On March 2, 1955, in Montgomery, Alabama, fifteen-year-old Claudette Colvin was arrested for not giving her seat on the bus to a white woman. This action was nine months before Rosa Parks was arrested for refusing to give her seat up to a white man, which was a catalyst for the Montgomery Bus Boycott.
It is important to remember that Colvin was a teenager. She was described as straight-A student, deeply religious, and well-behaved. She showed her power through resistance even with the repercussions. She was arrested and charged with misconduct, resisting arrest, and violating the city segregation laws. Despite the outcries and support, including from her pastor and Montgomery Civil Rights organizations, Colvin was sentenced to indefinite probation in the care of her parents. Colvin’s action was a defining moment of the Civil Rights Movement and immensely changed her life.
Colvin also became pregnant, which hindered civil rights leaders to embrace her as part of the movement. She was further shunned by some of her community. She was one of the five plaintiffs in the 1956 Gayle v. Browder case to challenge bus segregation, which affirmed the decision of the lower court that bus segregation was a violation of the law, and most importantly, overturned the long-standing decision of Plessy v. Ferguson (1896) which made separate but equal and, by extension segregation, the law of the land.
Colvin is still alive and is 81 years old. Her life is the subject for Claudette Colvin: Twice Toward Justice by Phillip Hoose.
The following three texts uplift Black women who were not heralded yet emphasize their leadership and voice to the Civil Rights Movement:
The Montgomery Bus Boycott and the Women Who Started It by Jo Ann Gibson Robinson is her memoir about her years long work in Montgomery, particularly with the Bus Boycott, when Black people refused to ride the bus that was vital transportation. The boycott lasted for 381 days and lead to the bus system in Montgomery eventually becoming integrated.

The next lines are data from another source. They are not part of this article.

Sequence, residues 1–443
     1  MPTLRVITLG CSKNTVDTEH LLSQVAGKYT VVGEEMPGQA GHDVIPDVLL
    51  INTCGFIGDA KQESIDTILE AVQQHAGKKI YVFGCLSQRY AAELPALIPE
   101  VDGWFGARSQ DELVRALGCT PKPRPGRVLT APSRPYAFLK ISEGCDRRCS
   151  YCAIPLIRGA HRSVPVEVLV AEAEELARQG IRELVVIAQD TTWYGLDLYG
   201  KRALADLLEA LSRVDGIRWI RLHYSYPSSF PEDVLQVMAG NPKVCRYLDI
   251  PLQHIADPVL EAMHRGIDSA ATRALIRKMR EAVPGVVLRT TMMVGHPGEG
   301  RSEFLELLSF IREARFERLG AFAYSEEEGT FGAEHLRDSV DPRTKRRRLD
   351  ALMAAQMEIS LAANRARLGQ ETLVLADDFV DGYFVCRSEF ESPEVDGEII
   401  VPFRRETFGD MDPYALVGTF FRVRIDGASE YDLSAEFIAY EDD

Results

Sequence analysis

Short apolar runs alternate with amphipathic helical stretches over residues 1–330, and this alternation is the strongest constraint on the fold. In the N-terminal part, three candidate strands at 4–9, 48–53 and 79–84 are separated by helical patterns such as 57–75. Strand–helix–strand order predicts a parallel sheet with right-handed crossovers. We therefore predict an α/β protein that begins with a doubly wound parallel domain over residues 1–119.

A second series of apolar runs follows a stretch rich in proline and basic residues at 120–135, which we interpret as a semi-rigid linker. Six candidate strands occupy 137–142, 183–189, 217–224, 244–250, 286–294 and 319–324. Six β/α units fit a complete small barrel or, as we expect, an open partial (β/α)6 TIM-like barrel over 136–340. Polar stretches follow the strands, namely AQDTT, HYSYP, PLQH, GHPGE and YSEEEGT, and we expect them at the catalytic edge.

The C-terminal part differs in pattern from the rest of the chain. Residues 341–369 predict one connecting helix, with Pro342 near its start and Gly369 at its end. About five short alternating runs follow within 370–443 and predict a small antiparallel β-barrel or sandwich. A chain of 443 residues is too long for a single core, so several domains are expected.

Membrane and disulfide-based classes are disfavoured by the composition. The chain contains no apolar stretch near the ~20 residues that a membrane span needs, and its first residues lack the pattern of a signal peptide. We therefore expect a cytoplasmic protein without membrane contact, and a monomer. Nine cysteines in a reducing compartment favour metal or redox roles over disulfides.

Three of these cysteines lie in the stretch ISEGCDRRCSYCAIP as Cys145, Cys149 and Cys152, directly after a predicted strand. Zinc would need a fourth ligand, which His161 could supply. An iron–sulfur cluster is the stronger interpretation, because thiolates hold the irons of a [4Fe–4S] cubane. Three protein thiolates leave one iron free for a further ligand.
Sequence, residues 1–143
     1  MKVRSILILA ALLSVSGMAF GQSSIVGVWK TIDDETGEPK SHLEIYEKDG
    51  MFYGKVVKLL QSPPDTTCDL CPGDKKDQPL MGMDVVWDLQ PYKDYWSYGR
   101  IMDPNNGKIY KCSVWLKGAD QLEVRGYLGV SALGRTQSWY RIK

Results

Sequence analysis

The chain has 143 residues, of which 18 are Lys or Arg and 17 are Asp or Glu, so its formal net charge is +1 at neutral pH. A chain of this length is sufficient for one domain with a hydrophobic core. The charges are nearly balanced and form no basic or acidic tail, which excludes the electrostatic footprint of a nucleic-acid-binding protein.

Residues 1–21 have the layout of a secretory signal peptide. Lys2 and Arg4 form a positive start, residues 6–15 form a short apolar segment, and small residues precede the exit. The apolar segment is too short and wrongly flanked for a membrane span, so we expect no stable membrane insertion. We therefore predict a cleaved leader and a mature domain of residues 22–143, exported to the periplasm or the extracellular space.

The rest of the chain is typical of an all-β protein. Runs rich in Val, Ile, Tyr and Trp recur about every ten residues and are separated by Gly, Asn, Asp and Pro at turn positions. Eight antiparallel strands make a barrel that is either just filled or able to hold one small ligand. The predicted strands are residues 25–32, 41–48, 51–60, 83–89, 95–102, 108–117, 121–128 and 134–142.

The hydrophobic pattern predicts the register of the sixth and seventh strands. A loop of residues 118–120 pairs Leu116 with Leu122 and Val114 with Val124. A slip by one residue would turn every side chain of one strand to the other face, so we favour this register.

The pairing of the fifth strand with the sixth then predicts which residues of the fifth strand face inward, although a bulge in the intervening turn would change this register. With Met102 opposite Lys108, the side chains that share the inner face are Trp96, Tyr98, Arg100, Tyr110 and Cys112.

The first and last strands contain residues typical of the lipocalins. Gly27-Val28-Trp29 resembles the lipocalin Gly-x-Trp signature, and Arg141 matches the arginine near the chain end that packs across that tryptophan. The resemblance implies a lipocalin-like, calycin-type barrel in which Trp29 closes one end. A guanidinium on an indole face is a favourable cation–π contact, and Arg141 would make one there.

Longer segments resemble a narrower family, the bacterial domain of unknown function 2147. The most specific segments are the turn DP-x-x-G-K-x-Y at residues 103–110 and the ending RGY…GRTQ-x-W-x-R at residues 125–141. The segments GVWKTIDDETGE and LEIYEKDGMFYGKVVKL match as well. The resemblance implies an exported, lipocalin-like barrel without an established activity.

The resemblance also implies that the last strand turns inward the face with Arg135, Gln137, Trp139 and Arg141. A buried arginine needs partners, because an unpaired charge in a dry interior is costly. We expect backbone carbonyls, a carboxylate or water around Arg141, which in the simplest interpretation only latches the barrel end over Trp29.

Ella Baker & the Black Freedom Movement: A Radical Democratic Vision by Barbara Ransby is a deeply researched biography about Ella Baker and her long career as an organizer in the Civil Rights Movement in the 1950s and 1960s, and her time as a teacher, among other things. The book also tackles the intersections of the Civil Rights Movement with other progressive struggles worldwide across the twentieth century.
The Three Mothers: How the Mothers of Martin Luther King Jr, Malcolm X, and James Baldwin Shaped a Nation by Anna Malaika Tubbs focuses on Alberta King, Louise Little, and Berdis Baldwin, who are the mothers, respectively, of Martin Luther King, Jr., Malcom X, and James Baldwin. A celebration of Black motherhood this book explores how the foundation provided by their mothers helped them survive in a society that would deny them their humanity as not just Black men, but movement makers.
Notoriety is not the intention of these leaders, who mostly wanted to protect themselves, their family, and to focus on the work for their communities. May these voices, as well as many Black women leaders, ring true as a blueprint for the work that has been done and an inspiration for the civil rights work that must continue.